If the “muh principles” plan is to win elections by appealing to the “better nature” of the American voter, please take a look at who currently resides in the Oval Office. Please note that it is not one of the 16 GOP “muh principles” weaklings, but rather a street fighter, a badass who gives as good as he gets, someone who understands that the “better nature” of the American voter doesn’t involving fecklessly waving the white flag of “muh principles.”

Abraham Lincoln suspended habeus corpus. Had he fought for our principles instead of the Rebellion, Democrats would still own all their slaves.

As a means to call attention to an injustice, it is neither an act of “silencing speech” nor “snowflakism” to enter the heart of the enemy and TEMPORARILY disrupt a monstrous gathering. To say otherwise is intellectual dishonesty. The injustice these protesters attacked has nothing to do with a snowflakey inability to handle a play, but rather the hypocrisy of a rodeo clown media sponsoring such a play and the simple fact that until these bullies feel the pain of their own tactics, the war against us will never cease.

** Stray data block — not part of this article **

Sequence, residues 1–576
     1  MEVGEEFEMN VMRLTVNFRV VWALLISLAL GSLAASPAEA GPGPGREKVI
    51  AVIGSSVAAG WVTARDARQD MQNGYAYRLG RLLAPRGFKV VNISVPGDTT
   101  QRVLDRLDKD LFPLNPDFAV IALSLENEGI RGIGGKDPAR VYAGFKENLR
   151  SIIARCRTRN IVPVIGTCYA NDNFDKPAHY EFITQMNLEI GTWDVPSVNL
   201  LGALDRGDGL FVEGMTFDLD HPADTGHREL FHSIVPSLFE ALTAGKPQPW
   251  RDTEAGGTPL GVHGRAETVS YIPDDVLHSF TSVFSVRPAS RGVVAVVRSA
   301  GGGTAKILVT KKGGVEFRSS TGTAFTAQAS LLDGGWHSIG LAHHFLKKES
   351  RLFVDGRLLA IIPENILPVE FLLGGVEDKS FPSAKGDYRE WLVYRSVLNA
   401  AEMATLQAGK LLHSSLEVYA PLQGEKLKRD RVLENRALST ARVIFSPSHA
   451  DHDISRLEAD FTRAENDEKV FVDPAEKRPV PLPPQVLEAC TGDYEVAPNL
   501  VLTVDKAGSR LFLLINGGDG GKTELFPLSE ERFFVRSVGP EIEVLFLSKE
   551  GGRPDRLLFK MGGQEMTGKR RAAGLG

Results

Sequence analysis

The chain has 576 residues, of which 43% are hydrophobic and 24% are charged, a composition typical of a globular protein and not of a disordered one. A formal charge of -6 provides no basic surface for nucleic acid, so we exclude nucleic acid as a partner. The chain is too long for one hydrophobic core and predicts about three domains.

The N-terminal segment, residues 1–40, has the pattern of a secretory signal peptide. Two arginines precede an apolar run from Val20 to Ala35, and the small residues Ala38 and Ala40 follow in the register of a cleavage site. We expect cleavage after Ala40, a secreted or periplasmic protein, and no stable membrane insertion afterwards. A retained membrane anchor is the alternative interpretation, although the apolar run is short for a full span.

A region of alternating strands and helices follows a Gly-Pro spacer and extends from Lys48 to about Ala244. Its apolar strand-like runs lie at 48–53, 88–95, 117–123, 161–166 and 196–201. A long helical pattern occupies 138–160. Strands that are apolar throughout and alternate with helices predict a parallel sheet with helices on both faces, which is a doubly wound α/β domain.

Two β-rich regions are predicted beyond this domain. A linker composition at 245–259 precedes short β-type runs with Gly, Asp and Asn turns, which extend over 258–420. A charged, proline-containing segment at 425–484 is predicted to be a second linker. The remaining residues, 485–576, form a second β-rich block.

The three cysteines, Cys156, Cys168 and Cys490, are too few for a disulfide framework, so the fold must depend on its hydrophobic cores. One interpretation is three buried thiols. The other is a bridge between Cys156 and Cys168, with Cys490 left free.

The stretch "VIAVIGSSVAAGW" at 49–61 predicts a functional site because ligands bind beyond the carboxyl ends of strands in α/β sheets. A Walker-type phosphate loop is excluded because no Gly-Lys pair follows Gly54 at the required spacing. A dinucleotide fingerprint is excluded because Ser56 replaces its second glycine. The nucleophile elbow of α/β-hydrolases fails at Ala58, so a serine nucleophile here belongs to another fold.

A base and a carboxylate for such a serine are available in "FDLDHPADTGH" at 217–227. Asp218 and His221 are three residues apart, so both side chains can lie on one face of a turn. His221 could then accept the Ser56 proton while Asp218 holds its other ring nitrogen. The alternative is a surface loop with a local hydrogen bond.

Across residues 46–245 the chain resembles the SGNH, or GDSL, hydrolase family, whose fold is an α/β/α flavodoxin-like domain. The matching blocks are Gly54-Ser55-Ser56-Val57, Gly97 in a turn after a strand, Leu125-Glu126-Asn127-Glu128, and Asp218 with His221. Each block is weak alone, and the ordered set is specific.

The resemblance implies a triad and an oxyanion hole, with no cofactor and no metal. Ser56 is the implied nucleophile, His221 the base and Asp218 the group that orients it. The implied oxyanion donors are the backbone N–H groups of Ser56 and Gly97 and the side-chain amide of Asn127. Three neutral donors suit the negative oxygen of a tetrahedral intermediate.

What happened over the weekend in Central Park was in defense of our civil rights, which are under direct attack, not just by hard-left activists, but by powerful American institutions (the media, Democrats, Hollywood, corporations), those who sponsor, appease, and justify relentless attempts, including escalating violence, to silence and subjugate us.

John Sexton at Hot Air also says yes, but he’s a bit more circumspect…

But here’s the point I really want to make about this incident: Everything the conservative protesters did comes directly from the progressive protest playbook. Let me give you an example. Back in 2015, Bernie Sanders held a rally in Seattle. It’s a progressive city and there was a big turnout. Before Sanders could get going, a couple of Black Lives Matter protesters got on stage and demanded Sanders give up the microphone. BLM protester: “If you do not listen to her, your event will be shut down.”

So, looking back at the interruption of Julius Caesar by right-wing protesters, I hope you can see that a) it could have been much worse and b) it fits a well-established left-wing protest tactic. In this case, the protesters are trying to shut down speech they have deemed to be a threat, i.e. to the President’s safety. The existence of that threat justifies trying to shut down the play. The only thing that’s unusual about this is that the attempt to “shut it down” came from the right.